A political career for Ukraine goalkeeper Oleksandr Shovkovskiy?

It seems an odd time for Andriy Shevchenko to decide he’s no longer interested in politics – or perhaps it’s exactly the right time for a celebrity with no experience to steer clear of the turmoil in Ukraine.

He’s not alone amongst footballers in saying little about what’s happened. Some wish Ukraine captain and former Bayern Munich midfielder Anatoliy Tymoschuk would speak out: one blogger has written an imaginary (and probably fanciful) open letter from him, in which he talks of dark outside forces and calls for unity between Ukraine and Russia. That Tymoschuk currently plays for Zenit St. Petersburg – and is one of the club’s modern era legends – perhaps explains his reluctance to express his feelings.

However, another prominent player has been more outspoken. Dinamo Kyiv goalkeeper and journalism graduate Oleksandr Shovkovskiy – who at 39 has played in every single Ukraine championship since independence – has a reputation for eloquence and intelligence. Describing himself as “neither a macho nor a playboy”, he has read Dostoyevsky and Bulgakov and quotes postmodernist writer Viktor Pelevin in talking of his disdain for television.

When the Maidan protests began last year, he used his Facebook page to comment: “I’m not a politician but I’m a citizen. My civil duty is to not be indifferent to the lack of proper rule by the powers that be!” Shovkovsky said he would be attending the protests, and later used Facebook to offer support to an injured protestor. Following the impeachment of President Yanukovych, he raised the question of whether deputies in Ukraine’s parliament should lose their immunity to prosecution.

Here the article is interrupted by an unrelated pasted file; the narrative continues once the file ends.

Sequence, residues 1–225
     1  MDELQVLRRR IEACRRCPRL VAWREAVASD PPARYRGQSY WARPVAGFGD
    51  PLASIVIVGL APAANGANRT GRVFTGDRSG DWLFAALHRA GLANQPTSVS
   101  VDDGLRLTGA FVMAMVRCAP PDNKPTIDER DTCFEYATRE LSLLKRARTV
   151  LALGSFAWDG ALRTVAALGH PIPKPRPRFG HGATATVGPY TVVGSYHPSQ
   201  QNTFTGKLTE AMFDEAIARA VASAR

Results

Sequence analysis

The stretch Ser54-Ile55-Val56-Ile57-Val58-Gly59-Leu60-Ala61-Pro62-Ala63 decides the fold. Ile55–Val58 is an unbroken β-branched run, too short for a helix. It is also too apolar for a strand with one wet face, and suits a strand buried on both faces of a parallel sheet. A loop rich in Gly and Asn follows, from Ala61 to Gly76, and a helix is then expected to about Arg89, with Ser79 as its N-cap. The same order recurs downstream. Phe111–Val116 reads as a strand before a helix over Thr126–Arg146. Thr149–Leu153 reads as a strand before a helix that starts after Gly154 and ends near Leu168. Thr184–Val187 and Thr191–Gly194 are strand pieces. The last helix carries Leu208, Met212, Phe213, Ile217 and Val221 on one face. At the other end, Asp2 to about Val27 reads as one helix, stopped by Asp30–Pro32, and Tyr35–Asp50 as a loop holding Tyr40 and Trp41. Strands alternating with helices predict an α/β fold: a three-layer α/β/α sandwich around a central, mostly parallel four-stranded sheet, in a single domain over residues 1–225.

As things progressed he continued to comment:

“Unity is one of the most important factors…West, East, North, South…some can speak Russian, some Ukrainian. We can argue and have different political views, but we can’t deny that we live under one roof, such a hospitable and welcoming state as Ukraine.”

“I’m always in favour of dialogue, but the will of emotion shouldn’t take over. People here are being strongly emotionally affected by the comments of other people.”

“I won’t be going to Crimea this summer if it’s under the control of Russia. Having served in the army, I could be conscripted. Will I go to the front line if the situation arises? If my country orders me – yes!”

Shovkovskiy writes in Russian, and has friends in the country:

“My Russian friends haven’t reacted badly [to what I’ve said about the political situation], probably because they’re well mannered and educated people. They understand well that we’re being shown a distorted picture of events.”

Over the past year he has been regularly asked about a career in politics. He has remained coy, but hasn’t hidden the fact he has been approached. When he finishes his career, he will surely have a fuller role to play in shaping Ukraine’s future. He is intelligent, but unlike some sporting figures only comments on matters when he feels the need – which makes what he says even more valuable.

Hopefully it isn’t too late for an intelligent, well-liked, unifying figure to have an impact on today’s Ukraine.


Saul Pope is a Russian/Ukrainian football blogger and contributor to When Saturday Comes magazine. He can be followed on Twitter here.

Also on the theme:

Euromaidan – the views of a Kyiv-based footballer

Why a joint Russian-Ukrainian league is a bad idea


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